Every time I’m feeling a bit down about my project I pick up your book and realize that, for the love of the car, every enthusiast has good days and bad days. The bad, knuckle-busting days make the good, wind-in-the-hair ones even better.

  • avatar

    I gave my wife a copy of your book to read right after I bought my 1981 911SC. She nearly cried!!!

  • avatar

    After I got my real first job in 1997, I bought myself a 74 TR6. A fun little car that had a lot of easy wrenching. (I rebuilt the carbs and the softop…plus the little things that always go wrong.) But I didn’t drive it much because I was always worried about it breaking down, so I sold it a year later to buy an engagement ring.

    The next serious car I bought two years ago: a 91 M5. what a world of difference. The car was built in 01/90 (yes, it’s a 91 MY), making it 16 years old now. But unlike the 911 SC (a car I nearly bought a few years earlier) this thing is plenty modern. 310 hp (335 with a chip) from 3.6l w 7000 RPM redline and it screams over 4k. classic german good looks, albeit very sleeper. interior a bit dated, but driver oriented. only ~1600 were sold in the US, so not nearly as well known as the E39 M5 (10k sold). The best thing about this car is the price: great examples can be had for $15k. that’s bare bones Civic money. 55% are black (like mine) and I think they wear their age the best. Some Euros have been imported with the 3.8l 340 hp engine, but they’re about $7-10k more. The worst part is probably the heavy duty 5 speed which belongs on a Farm-all. Oh, that and $10-15k engine rebuilds, so find one with less than 130k miles and well maintained and with good compression! plenty of enthusiast owned examples on the market, so be picky and you’ll never regret it. can be daily driven, but not a great idea. can be a halfway decent track car (3800 lb).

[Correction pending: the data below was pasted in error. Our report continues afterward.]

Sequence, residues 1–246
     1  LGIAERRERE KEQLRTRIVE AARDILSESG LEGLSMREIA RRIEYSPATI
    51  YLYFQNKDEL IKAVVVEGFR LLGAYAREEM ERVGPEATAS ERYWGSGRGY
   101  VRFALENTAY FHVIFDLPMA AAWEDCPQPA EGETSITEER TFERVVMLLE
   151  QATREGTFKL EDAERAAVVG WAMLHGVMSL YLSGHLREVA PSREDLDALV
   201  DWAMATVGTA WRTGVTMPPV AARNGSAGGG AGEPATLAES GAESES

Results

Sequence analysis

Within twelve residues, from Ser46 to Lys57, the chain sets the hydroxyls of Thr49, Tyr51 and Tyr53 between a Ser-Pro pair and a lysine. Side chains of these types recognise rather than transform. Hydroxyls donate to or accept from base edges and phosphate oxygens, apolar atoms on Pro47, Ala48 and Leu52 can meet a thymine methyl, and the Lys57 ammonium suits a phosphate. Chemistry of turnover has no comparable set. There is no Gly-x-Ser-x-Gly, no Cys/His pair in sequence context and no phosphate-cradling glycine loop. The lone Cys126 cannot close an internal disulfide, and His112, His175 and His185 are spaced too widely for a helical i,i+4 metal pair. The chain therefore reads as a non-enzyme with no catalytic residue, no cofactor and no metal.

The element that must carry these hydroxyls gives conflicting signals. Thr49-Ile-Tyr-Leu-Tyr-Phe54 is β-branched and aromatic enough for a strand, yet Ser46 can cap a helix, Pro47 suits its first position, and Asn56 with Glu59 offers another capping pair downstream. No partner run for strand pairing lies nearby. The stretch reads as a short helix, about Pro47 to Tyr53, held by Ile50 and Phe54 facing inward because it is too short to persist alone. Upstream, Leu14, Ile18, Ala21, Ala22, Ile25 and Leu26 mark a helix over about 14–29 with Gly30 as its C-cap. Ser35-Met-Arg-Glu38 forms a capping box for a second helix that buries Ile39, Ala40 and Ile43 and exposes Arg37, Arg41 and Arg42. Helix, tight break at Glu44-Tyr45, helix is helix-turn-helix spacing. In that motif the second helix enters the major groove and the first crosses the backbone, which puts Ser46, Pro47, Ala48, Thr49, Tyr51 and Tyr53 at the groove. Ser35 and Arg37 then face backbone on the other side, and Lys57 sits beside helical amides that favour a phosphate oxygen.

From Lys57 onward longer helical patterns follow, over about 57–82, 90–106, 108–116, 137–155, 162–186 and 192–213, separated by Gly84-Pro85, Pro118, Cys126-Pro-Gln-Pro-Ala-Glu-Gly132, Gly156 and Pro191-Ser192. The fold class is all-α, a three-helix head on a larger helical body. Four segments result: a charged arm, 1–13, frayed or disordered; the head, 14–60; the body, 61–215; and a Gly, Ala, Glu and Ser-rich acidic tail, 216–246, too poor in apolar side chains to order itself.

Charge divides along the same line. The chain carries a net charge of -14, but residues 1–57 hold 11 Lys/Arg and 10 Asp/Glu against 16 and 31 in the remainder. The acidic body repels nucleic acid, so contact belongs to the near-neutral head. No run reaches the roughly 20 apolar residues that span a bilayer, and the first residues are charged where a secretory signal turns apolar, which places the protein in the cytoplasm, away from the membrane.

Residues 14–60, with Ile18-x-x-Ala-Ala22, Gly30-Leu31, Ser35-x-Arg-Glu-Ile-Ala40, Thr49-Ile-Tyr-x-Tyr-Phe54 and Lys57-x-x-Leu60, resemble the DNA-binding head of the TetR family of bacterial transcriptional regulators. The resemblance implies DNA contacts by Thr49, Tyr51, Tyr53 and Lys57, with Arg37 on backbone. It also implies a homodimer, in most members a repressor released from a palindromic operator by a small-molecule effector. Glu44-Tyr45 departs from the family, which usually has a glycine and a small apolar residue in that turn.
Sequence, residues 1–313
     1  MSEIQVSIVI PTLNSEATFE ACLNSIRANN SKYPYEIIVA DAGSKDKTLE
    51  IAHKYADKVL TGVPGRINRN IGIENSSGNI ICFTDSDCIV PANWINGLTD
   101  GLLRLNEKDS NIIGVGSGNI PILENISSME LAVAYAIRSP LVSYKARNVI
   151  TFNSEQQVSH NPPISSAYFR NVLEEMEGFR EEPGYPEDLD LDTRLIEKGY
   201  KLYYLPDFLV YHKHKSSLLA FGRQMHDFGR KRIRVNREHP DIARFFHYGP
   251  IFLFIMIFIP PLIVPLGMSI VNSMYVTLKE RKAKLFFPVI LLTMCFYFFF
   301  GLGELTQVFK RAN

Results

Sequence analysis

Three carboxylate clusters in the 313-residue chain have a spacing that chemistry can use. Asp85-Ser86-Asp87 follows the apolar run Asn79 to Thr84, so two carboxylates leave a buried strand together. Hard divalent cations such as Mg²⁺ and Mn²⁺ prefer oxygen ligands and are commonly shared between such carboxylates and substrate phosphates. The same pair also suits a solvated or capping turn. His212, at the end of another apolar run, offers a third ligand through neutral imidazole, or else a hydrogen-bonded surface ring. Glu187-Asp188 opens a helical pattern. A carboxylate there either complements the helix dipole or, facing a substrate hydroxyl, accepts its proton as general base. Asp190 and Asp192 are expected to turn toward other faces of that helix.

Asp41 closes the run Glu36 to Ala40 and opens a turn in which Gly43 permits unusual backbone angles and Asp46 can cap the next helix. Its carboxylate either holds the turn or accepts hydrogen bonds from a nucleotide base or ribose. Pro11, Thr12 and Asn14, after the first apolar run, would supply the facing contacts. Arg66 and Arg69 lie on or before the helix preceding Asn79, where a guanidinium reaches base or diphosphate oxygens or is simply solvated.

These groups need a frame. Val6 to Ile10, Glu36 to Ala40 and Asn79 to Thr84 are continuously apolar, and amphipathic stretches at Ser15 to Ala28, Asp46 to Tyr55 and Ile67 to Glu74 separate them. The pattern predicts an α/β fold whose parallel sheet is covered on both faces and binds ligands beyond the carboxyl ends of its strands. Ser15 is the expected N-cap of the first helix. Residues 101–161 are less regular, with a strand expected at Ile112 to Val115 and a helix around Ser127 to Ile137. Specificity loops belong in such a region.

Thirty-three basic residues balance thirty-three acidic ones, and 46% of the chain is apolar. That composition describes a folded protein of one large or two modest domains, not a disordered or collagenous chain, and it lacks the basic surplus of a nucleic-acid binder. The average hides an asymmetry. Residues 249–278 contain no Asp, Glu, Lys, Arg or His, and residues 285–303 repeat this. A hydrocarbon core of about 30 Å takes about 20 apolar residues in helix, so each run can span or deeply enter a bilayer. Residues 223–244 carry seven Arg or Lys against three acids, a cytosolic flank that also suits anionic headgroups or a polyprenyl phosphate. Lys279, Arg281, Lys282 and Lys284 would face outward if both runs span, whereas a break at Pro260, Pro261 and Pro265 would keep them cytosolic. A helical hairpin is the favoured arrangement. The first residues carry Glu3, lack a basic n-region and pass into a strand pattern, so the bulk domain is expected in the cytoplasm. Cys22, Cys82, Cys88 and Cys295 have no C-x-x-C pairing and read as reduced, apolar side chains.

• avatar

    “…Koreans were best known for their canine cuisine.”

    Aw c’mon, can’t we avoid the ethnic comments? Professionalism, gentlemen!

  • avatar

    As anachronistic as they are, I cannot think of another car that brings as much motoring pleasure as an old (’69-’89) 911 once you get the hang of driving it. Further, these are one of THE most rugged, durable cars ever produced and if properly built & maintained, are very reasonable to own.

    Now then, when one installs a larger motor in these relatively light cars, you wind up with a power-to-weight ratio that guarantees big “smiles-per-miles”.

    After some modest, well-chosen upgrades, these become a rolling amusement park,..:)

    BTW, Stefan’s 287 HP was measured at the rear wheels,……..

  • avatar